The passengers on Malaysia Airlines Flight 17 came from all walks of life, from a leading AIDS researcher and a Dutch senator to families and tourists from around the world.
Of the 283 passengers and 15 crew members on board Malaysia Airlines Flight 17 – a death toll increased from 295 after the airline reported three infants on board –108 were delegates headed to an international AIDS conference in Melbourne, Australia.
Among them, Joep Lange, a well-known AIDS activist and former president of the International AIDS Society, had been headed to the conference to chair a panel Sunday afternoon. Lange was the author of more than 350 papers and spearheaded the fight for the availability of affordable AIDS treatment in Asia and Africa.
The IAS released a statement saying the conference, scheduled to run from July 20 to 25, will continue.
The International AIDS Society, convenors of the 20th International AIDS Conference (AIDS 2014), is continuing to work with the authorities to clarify how the tragic loss of Malaysian Airlines flight MH 17 impacts our conference delegates, our conference partners, and our community as a whole.
In recognition of our colleagues' dedication to the fight against HIV/AIDS, the conference will go ahead as planned and will include opportunities to reflect and remember those we have lost.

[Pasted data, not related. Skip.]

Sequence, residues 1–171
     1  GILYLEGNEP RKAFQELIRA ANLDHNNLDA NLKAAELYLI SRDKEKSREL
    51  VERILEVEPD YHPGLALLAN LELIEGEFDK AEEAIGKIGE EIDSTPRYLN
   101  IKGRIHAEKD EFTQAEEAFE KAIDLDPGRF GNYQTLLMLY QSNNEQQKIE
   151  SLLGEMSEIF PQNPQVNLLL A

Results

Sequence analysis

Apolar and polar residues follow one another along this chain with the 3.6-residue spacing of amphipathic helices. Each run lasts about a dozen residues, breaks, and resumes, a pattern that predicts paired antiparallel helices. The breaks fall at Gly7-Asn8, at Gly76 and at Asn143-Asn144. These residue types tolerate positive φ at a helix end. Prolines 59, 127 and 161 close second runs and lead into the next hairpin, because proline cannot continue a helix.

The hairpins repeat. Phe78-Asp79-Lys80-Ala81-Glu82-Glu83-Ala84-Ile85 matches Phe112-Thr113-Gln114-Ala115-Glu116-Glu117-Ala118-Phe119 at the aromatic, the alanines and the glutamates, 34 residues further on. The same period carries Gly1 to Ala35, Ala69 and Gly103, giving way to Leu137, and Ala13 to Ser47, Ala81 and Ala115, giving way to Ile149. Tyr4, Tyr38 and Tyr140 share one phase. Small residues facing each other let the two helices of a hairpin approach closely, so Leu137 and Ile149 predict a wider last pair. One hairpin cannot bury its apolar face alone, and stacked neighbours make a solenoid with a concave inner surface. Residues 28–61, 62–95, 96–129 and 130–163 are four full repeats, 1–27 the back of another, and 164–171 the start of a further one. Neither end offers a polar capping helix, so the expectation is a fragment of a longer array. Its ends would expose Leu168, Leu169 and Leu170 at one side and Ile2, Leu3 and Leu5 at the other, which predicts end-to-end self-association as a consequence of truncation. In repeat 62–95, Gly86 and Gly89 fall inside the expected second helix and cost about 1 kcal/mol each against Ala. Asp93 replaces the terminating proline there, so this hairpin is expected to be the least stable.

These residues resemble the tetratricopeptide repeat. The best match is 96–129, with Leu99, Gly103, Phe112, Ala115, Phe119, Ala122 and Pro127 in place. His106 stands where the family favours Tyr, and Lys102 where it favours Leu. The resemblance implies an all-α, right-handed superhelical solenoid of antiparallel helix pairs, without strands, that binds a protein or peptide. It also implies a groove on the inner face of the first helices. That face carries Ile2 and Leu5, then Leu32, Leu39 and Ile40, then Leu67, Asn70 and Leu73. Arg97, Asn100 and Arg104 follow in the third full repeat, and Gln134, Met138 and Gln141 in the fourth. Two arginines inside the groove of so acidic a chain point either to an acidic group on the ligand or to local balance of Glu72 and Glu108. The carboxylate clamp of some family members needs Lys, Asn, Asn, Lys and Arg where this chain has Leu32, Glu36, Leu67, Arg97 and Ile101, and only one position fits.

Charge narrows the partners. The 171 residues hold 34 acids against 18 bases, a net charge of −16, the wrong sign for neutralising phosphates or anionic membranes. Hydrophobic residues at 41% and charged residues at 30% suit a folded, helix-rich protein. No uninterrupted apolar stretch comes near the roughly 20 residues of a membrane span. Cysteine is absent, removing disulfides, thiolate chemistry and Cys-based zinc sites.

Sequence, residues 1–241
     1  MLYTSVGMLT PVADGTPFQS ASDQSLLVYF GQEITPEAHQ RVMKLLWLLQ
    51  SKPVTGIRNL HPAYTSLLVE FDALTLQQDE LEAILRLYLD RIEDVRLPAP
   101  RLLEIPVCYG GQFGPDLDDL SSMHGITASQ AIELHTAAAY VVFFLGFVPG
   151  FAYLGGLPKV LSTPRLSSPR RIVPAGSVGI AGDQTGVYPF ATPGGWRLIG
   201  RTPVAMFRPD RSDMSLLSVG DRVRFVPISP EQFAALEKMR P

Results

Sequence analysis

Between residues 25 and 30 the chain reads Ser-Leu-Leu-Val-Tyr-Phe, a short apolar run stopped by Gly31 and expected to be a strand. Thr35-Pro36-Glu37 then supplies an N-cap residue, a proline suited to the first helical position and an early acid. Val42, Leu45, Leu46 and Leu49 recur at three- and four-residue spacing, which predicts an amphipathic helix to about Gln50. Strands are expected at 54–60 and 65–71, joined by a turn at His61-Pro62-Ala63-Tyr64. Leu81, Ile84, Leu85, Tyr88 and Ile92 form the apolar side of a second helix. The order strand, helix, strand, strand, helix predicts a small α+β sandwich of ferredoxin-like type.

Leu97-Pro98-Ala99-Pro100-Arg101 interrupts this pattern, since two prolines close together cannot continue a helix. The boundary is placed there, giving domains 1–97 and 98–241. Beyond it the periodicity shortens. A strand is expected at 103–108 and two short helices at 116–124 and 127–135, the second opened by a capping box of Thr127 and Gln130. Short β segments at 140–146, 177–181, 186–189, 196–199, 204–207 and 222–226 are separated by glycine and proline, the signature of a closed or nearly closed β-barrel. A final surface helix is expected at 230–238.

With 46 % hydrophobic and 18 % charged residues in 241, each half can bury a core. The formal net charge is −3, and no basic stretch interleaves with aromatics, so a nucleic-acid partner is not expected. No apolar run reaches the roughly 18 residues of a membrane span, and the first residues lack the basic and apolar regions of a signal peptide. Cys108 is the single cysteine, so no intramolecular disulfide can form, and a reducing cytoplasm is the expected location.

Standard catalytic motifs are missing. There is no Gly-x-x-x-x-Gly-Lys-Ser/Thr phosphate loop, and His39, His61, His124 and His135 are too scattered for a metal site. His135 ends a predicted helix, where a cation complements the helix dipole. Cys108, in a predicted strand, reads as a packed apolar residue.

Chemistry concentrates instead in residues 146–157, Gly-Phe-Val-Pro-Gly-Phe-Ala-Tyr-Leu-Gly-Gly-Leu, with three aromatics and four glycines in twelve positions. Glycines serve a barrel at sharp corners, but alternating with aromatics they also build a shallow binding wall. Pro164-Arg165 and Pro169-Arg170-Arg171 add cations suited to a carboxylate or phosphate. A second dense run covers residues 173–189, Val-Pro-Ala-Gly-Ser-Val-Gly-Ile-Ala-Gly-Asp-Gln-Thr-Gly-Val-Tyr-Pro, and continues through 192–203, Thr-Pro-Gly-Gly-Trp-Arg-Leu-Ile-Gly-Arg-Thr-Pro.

UNAIDS Executive Director Michel Sidibé also tweeted a statement:
Another prominent Dutchman, Sen. Willem Witteveen, was among those onboard, the Dutch Senate confirmed. Witteveen was a member of the Labor Party, and had begun his second term in January 2013. He served his first from 1999 to 2007.
In fact, more than half of the passengers on board hailed from the Netherlands, the airline reported Friday. To put it in perspective, MH17 claimed a bigger share of the small country's population than 9/11 did in the United States, according to Vox. Kiev residents have created a tribute with flowers and candles outside the city's Dutch embassy and a similar tribute has started in Moscow.
But like any international flight – and one of dozens that travel the popular route airway L980 – many passengers came from various countries and unique backgrounds.
Indonesian-born 56-year-old passenger Ninik Yuriani, for example, was on her way to visit her 86-year-old mother. Nick Norris, a yachting enthusiast, was returning home from a European vacation with his three grandchildren just before the new school semester began in Western Australia. Akmar Mohamad Noor, the sister of a Malaysian passenger, had been waiting at the Kuala Lumpur airport to welcome her sister home after five years apart.
And in the Melbourne suburb of Sunbury, Australian Kaylene Mann lost another relative to a Malaysia Airlines disaster. Mann's brother and sister-in-law were on board Flight 370, which vanished in March. Her stepdaughter, Maree Rizk, was killed on Flight 17.
"It's just brought everyone, everything back," Mann's brother Greg Burrows told the Associated Press. "It's just ... ripped our guts again."
- Netherlands - 189 nationals
- Malaysia - 44, including 15 crew and 2 infants
- Australia - 27
- Indonesia - 12, including 1 infant
- United Kingdom - 9
- Germany - 4
- Belgium - 4
- Philippines - 3
- Canada - 1
- New Zealand - 1
Four passengers' nationalities have not yet been verified. The airline said in a press conference Friday morning it will provide $5,000 compensation to immediate next of kin.
This article is from the archive of our partner The Wire.
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